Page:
In the High Peaks

Friday, June 4, 2010

The Challenge of Reading Matterhorn

Since the night before last, I've been reading Matterhorn: A Novel of the Vietnam War by Karl Marlantes. Even though I've only read 139 pages of this 566-page chunkster (not counting the 20+ page glossary), I'm finding that I have lots to say about it already.

The book fully delivers on its promise to put the reader in the middle of an infantry company of Marines in South Vietnam, not far from the DMZ (de-militarized zone, which artificially separated South from North Vietnam). It's monsoon season in a steamy, impenetrable jungle. As I read, I can see the men lying on plastic-covered mud in their tiny "hooches." I can see a platoon go forth on patrol, using machetes to cut their way through bamboo 12-feet tall. I feel the fear they sense with their crunching footsteps announcing their presence to the "gooks," the North Vietnamese Army.

Marlantes has the most trouble with characterization, perhaps because there are dozens of characters. This little city of young men--most of them introduced in the first two chapters--makes for hard reading, but is well worth the trouble. It's apparent that Marlantes has worked hard to forge distinct characters, but it's not his strong suit.

Marlantes creates a political and cultural society from this group of men with all its racial, social class, and military rank & hierarchy tensions. This aspect of the novel is fascinating. It steers clear of the Band of Brothers romanticism of men in combat. Having viewed that award-winning HBO production this past winter, I can say that I (and most people) prefer to think of men in combat as a band of brothers, but I don't believe this whole-hearted camaraderie is reality. It's not a black-and-white issue, of course, one or the other. What I'm trying to say is that the relationships among men within a platoon or any military unit are very complicated. Camaraderie and care for one's mates are part of it, that's true, but TV and movies like to simplify those relationships, and Matterhorn does not try to do that.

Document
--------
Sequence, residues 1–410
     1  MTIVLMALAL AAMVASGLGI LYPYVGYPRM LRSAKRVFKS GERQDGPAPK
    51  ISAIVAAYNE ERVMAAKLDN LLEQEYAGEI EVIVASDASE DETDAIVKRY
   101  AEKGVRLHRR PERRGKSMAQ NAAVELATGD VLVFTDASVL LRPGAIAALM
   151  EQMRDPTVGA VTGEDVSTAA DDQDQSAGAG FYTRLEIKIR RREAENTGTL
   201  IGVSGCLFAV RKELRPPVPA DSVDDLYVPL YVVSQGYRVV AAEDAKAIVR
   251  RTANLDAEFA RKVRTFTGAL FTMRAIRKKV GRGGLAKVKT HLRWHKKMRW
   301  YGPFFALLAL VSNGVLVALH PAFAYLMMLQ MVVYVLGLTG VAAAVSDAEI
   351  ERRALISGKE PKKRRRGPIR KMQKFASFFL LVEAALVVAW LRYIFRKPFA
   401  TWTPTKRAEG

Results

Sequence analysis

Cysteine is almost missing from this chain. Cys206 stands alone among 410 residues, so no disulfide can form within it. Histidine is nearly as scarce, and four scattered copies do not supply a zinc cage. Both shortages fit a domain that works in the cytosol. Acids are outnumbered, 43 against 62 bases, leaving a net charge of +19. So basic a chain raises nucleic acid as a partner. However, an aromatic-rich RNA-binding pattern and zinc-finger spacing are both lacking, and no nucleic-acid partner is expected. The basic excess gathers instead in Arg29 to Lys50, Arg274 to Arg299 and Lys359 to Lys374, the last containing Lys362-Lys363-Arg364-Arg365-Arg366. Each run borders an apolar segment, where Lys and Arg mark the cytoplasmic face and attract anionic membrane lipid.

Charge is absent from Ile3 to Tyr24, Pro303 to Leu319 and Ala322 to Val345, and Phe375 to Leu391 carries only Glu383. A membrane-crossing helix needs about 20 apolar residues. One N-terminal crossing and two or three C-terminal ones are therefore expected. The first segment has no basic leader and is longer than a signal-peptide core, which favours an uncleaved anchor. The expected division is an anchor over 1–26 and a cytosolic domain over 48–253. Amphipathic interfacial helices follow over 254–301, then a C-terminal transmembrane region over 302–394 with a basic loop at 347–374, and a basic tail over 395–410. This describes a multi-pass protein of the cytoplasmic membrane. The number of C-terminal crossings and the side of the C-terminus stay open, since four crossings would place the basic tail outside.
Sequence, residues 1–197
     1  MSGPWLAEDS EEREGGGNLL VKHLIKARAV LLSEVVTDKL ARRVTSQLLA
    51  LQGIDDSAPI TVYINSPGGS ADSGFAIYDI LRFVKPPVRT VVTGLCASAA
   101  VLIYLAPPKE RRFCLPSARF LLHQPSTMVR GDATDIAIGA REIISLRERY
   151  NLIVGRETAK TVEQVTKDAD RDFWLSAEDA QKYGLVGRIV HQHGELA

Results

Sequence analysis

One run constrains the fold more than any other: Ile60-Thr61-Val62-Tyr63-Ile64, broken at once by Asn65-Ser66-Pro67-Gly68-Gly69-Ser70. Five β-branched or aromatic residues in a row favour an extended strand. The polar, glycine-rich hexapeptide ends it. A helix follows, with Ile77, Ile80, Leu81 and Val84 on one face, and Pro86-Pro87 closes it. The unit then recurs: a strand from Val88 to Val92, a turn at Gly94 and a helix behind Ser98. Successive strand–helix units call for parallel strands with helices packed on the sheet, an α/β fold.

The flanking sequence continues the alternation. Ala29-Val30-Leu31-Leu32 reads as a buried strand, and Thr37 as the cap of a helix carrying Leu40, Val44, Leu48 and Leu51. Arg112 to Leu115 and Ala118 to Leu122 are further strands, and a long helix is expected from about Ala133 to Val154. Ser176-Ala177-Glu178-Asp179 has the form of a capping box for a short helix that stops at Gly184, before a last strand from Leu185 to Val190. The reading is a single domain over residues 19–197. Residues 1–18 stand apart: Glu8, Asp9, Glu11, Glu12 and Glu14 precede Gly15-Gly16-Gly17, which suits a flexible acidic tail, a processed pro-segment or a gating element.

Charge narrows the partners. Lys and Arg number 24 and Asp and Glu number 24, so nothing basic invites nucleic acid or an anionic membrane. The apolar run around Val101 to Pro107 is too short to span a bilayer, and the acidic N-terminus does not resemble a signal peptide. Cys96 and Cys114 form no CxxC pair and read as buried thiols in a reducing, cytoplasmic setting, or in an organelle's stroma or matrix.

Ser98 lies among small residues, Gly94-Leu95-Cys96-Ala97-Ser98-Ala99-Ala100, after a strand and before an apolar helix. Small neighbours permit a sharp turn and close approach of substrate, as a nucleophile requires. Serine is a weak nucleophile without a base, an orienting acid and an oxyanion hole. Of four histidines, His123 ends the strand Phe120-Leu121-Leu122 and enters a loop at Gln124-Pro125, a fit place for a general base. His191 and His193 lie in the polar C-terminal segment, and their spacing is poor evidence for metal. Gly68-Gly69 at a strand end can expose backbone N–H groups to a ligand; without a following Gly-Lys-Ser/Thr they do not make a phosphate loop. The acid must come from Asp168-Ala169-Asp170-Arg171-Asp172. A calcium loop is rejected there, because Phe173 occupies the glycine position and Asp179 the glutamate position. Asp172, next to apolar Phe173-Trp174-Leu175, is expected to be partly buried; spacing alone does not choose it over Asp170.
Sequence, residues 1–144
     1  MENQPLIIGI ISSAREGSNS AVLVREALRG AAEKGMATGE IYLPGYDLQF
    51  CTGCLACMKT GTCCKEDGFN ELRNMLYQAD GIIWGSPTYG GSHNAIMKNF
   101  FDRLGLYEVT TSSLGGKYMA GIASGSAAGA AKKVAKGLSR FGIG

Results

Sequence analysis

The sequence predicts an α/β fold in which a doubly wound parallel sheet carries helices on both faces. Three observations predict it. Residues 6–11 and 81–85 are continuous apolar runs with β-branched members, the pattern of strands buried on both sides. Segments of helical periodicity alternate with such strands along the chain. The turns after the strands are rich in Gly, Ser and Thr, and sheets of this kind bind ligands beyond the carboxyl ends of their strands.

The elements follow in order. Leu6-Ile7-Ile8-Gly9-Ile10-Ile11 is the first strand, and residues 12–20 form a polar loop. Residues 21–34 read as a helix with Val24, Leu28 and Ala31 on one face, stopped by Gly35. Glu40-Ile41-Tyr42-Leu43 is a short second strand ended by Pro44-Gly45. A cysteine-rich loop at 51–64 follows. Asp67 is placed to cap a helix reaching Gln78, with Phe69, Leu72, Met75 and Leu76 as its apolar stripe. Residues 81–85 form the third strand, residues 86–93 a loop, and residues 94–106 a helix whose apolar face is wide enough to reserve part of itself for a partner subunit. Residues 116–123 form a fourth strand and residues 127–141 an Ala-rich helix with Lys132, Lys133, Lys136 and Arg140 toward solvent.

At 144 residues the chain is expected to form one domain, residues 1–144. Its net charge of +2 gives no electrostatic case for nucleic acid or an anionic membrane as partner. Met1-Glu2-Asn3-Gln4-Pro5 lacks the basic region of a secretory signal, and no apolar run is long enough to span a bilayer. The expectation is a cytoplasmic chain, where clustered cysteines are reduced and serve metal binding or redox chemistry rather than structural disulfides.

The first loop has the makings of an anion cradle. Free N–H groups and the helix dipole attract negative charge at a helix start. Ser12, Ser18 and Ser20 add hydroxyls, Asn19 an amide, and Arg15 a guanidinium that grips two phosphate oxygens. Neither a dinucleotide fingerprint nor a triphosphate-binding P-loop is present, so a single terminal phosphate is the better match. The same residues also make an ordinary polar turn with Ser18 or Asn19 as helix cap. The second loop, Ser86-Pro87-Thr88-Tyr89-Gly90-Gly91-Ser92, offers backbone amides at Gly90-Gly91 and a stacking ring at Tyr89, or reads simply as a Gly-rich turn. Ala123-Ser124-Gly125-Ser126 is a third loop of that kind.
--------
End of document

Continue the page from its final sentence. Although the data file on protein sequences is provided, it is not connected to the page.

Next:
I hope to write another post about Matterhorn after I've turned the last page. I believe it's an important book.


  1. Hi Judith. Thanks for blogging about Matterhorn. I'll be interested to see how you like the book in its entirety. I'd also like to invite you to our Facebook community page. There you can find articles about Matterhorn and a list of his author tour events. I hope you enjoy the rest of the book. :)

  2. Judith,

    Thanks for referring my to your blog and posts about Matterhorn (very insightful). I actually started listening to the audio version of Matterhorn, but given the fact it is very very long (like 17 discs) and my commute only 6 miles each way, I would have never finished it before its due date. I ended up returning it and hope to get the hardcover version sometime soon. It sounds so powerful.